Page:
Advertisement

We need your help now

Support from readers like you keeps The Journal open.

You are visiting us because we have something you value. Independent, unbiased news that tells the truth. Advertising revenue goes some way to support our mission, but this year it has not been enough.

If you've seen value in our reporting, please contribute what you can, so we can continue to produce accurate and meaningful journalism. For everyone who needs it.

Environment Minister Phil Hogan at the Fine Gael Ard Fheis yesterday Laura Hutton/Photocall Ireland
Household charge

Over 805,000 out of 1.6m register for household charge before deadline

Just over half of those expected to pay the €100 tax did so before last night’s deadline.

OVER 805,000 HOUSEHOLDS are said to have registered for the household charge before the midnight deadline for the €100 tax last night.

The Local Government Management Agency (LGMA) released the latest figures just after midnight which said that a total of 621,717 properties had registered or paid the flat rate while there were another 89,000 postal applications still to be processed.

As of 2pm yesterday 12,677 properties had registered for the waiver while estimated tallies received from local authorities came in at 82,175.  This meant a total figure of 805,569.

The figure falls short of the 1.6 million households the government had expected would register to pay the charge and accounts for 50.3 per cent of that total.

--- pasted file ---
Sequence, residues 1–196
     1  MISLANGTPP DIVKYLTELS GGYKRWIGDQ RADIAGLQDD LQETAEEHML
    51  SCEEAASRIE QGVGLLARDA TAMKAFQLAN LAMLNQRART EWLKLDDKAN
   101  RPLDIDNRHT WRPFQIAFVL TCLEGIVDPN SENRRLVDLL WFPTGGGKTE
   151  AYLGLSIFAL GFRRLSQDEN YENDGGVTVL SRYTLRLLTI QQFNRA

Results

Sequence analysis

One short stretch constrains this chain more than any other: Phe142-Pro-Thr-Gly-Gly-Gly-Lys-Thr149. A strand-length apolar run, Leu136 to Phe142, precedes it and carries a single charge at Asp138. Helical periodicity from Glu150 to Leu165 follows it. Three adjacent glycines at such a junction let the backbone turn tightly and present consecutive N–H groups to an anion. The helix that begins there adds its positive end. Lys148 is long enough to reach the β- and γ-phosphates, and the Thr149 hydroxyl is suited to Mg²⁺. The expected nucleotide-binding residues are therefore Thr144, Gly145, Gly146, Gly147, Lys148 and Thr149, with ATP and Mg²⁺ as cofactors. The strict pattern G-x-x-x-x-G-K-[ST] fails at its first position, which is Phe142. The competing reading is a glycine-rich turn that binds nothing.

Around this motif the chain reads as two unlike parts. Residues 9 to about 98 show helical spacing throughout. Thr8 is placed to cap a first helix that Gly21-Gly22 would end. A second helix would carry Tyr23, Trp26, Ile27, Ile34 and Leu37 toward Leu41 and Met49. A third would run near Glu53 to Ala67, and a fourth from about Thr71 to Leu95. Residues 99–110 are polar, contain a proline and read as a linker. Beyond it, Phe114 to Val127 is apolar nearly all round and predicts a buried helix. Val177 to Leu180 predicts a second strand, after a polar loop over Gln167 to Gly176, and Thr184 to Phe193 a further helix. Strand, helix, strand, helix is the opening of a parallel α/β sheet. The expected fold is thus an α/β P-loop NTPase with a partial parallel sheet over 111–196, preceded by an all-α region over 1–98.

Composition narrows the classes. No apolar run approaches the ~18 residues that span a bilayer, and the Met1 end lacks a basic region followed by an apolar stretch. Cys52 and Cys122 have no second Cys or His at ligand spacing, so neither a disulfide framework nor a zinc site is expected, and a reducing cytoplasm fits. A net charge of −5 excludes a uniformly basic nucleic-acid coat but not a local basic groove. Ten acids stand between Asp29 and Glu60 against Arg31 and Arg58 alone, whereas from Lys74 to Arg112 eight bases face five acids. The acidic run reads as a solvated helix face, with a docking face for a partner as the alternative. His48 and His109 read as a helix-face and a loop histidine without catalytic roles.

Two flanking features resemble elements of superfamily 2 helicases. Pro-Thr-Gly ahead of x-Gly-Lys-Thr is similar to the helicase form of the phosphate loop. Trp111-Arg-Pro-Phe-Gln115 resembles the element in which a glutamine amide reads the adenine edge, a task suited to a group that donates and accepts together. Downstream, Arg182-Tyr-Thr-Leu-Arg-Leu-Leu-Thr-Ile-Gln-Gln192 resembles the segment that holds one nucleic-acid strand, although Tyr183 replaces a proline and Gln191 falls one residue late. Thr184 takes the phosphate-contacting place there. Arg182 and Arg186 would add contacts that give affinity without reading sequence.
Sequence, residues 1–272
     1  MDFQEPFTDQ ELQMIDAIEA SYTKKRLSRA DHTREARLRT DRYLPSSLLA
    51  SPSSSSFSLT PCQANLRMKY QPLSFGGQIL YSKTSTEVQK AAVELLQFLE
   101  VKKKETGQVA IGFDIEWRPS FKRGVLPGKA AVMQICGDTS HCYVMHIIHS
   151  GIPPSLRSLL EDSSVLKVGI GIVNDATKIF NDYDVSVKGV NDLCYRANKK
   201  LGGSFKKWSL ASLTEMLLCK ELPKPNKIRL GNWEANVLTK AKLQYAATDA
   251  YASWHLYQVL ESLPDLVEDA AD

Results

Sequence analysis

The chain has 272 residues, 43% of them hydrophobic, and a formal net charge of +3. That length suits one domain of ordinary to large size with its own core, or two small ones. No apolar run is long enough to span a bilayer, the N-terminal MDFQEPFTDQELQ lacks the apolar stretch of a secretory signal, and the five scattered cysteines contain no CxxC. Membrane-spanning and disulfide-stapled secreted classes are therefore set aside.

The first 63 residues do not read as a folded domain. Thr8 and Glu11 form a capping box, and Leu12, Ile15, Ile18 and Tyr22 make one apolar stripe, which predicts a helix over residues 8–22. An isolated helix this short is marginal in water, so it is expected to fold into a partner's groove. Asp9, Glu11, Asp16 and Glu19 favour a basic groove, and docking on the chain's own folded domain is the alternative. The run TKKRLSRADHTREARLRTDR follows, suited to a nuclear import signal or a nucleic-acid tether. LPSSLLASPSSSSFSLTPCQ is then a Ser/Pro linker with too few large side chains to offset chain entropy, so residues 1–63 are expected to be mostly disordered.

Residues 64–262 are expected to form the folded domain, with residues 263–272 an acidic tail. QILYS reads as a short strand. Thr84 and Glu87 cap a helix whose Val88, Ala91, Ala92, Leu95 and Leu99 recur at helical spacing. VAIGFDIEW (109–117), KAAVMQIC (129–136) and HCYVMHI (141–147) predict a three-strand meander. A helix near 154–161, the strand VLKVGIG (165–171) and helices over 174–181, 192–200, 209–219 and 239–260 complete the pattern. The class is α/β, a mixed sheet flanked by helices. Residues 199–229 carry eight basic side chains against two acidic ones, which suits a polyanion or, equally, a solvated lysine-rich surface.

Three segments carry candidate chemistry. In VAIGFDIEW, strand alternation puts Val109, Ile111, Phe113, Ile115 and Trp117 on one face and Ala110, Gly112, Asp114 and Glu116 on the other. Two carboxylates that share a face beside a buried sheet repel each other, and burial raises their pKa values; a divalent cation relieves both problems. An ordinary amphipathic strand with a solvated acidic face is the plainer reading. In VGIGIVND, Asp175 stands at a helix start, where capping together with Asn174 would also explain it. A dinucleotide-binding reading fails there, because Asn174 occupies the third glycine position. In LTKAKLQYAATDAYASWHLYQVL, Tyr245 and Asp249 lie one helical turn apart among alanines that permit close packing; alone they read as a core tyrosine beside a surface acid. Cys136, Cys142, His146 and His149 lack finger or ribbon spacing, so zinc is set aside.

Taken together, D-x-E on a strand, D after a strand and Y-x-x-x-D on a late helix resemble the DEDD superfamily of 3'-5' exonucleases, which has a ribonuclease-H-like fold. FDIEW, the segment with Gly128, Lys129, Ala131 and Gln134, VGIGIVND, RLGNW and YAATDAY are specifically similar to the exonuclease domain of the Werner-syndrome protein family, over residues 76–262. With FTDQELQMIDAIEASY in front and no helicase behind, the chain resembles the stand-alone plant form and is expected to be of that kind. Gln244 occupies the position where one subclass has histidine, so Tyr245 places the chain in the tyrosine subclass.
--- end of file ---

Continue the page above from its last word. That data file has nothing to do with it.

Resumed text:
The LGMA said that a total of €62.2 million had been processed so far with the estimated registration figures meaning around €80 million is likely to have come in so far. The government hoped to raise €160 million through the interim tax measure.

The LGMA said also that it expects a large number of property registrations to come in by post early next week which were posted yesterday and on Friday. Penalties will not apply to these registrations.

The tax can still be paid through the household charge website and other methods including postal application and at your local authority office.

Those paying will now be subject to a 10 per cent penalty and 1 per cent interest which means their bill will come to €111.

The interim tax measure, implemented by the Environment Minister Phil Hogan, has been the subject of a nationwide campaign to boycott it and future property and water taxes with those against it arguing that the tax is unfair and unjust.

Yesterday at his Fine Gael party Ard Fheis, Hogan praised the “genuine patriotism” of those who had elected to pay the charge. Thousands descended on the Ard Fheis at Dublin’s Convention Centre to protest against the charge.

GALLERY: 5,000 attend anti-Household Charge demo in Dublin

More: TheJournal.ie‘s coverage of the Household Charge >

Readers like you are keeping these stories free for everyone...
A mix of advertising and supporting contributions helps keep paywalls away from valuable information like this article. Over 5,000 readers like you have already stepped up and support us with a monthly payment or a once-off donation.

Your Voice
Readers Comments
186
    Submit a report
    Please help us understand how this comment violates our community guidelines.
    Thank you for the feedback
    Your feedback has been sent to our team for review.